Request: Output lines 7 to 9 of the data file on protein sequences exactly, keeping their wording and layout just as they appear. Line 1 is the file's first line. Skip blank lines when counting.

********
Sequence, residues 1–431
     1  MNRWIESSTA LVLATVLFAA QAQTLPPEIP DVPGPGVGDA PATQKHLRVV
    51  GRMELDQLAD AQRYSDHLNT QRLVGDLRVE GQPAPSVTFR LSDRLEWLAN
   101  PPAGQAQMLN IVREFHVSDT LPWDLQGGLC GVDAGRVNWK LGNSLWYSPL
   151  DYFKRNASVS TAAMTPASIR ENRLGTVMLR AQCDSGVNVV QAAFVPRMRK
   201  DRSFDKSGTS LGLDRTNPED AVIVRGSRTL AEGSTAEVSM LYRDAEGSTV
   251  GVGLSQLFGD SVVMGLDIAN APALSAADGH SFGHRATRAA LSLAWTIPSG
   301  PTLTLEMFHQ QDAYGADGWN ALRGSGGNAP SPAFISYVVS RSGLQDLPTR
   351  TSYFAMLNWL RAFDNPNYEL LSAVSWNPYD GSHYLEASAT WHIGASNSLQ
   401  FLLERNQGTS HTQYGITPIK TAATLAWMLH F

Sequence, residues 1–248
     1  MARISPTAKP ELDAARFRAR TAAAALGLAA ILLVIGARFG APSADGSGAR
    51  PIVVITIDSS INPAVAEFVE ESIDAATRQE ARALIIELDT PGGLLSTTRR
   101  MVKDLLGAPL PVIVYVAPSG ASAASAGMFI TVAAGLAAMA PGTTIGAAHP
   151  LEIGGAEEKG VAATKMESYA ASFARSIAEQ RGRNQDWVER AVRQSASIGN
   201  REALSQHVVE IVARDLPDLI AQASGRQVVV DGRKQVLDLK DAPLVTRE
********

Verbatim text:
   251  GVGLSQLFGD SVVMGLDIAN APALSAADGH SFGHRATRAA LSLAWTIPSG
   301  PTLTLEMFHQ QDAYGADGWN ALRGSGGNAP SPAFISYVVS RSGLQDLPTR
   351  TSYFAMLNWL RAFDNPNYEL LSAVSWNPYD GSHYLEASAT WHIGASNSLQ